What Twitter, Medium, Airbnb, Netflix and Spotify can teach you about hiring engineers
Airbnb is a global hospitality company. Spotify is a music streaming service. Netflix streams video. And Medium is a content platform focused on viewpoints, not number of views. What do these diverse businesses have in common?
The power of pull.
These visionary companies go a step beyond traditional hiring routes by building “Inbound hiring” channels.
Sourcing talented engineers isn’t just about a stellar salary or cool office space. Most businesses already offer that. It’s about discovery, learning, growth. Smart people want to work with smart people to expand their knowledge base — this is especially true of engineers. They’re hungry to learn about state-of-the-art technologies in outstanding companies, and to interact with smart coworkers.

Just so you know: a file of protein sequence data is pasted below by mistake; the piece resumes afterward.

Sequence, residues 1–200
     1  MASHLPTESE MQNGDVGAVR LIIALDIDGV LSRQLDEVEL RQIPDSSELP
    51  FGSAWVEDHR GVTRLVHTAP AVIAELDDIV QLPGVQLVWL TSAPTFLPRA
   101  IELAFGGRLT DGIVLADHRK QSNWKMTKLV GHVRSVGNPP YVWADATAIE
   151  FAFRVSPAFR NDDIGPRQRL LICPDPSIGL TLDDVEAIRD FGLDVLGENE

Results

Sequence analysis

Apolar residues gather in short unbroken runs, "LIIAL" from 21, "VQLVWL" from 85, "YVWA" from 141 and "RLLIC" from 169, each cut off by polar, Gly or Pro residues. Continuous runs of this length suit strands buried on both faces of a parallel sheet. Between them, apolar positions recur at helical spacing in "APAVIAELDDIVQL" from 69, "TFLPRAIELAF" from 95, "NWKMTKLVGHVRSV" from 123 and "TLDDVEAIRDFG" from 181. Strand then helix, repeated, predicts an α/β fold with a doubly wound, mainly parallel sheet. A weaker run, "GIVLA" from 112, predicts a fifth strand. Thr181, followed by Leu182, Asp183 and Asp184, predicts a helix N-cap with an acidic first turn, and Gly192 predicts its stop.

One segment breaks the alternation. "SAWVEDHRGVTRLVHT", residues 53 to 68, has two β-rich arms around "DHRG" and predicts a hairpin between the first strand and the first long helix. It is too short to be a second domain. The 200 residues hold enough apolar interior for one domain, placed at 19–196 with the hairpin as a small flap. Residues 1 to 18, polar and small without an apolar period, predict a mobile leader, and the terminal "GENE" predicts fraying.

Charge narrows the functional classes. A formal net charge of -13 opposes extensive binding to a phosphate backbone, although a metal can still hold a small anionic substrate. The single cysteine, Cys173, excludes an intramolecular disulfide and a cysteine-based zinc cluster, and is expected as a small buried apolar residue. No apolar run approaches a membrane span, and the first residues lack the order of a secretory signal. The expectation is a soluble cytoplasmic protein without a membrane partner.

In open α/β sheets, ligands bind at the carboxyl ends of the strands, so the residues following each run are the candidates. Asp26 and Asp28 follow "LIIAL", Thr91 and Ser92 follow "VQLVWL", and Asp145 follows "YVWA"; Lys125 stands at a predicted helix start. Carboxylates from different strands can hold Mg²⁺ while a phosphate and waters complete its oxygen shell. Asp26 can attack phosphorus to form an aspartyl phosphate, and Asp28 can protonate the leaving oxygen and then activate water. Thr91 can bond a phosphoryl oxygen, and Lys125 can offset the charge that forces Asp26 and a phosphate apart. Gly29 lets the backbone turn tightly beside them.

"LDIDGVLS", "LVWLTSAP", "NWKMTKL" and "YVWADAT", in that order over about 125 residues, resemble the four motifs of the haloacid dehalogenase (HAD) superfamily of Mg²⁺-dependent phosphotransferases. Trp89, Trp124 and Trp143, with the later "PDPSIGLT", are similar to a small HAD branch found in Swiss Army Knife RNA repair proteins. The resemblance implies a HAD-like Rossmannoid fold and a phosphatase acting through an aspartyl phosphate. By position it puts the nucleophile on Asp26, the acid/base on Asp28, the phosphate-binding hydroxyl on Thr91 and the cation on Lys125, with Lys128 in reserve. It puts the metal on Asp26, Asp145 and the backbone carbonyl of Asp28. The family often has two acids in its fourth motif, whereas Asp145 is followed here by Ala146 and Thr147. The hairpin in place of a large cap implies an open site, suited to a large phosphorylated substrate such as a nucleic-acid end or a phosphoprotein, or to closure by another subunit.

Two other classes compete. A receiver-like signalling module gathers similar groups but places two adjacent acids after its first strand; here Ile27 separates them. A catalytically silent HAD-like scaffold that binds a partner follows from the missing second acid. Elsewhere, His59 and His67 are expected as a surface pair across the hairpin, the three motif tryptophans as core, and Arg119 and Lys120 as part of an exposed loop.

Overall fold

Social shares target top talent
Today’s hot trend to attract top-flight engineers is showcasing a company’s advanced tech stack and work environment. Telling outsiders about team culture also helps attract people with a similar mindset. The best way to do both? Social media.
Sharing news on Twitter, and engineering resources on websites and blogs, are two major channels to build a readership of relevant talent. The community engages engineers around the world who are interested in solving similar problems, and establishes the “cool and advanced engineering team” brand among community members.
Here’s how five renowned companies (including Twitter itself) are leveraging Twitter to find and recruit the best engineers worldwide. If you are not an engineer, you might be surprised to see just how successful these entrepreneurial businesses have been in sharing their infrastructure to help the developer community.
A cross between a social network and a microblogging platform, ten-year-old Twitter turns on the @ symbol, in bursts of 140 characters or less. Users employ hashtags (the number sign #) to specify themes and find other Twitter users who are Tweeting about (discussing) the same topic.
Obviously, Twitter uses @TwitterEng, (1.2M followers) as a major channel to engage engineers with engineering-related news. It also maintains a website to share information on different topics, including engineering process, culture, tools and events.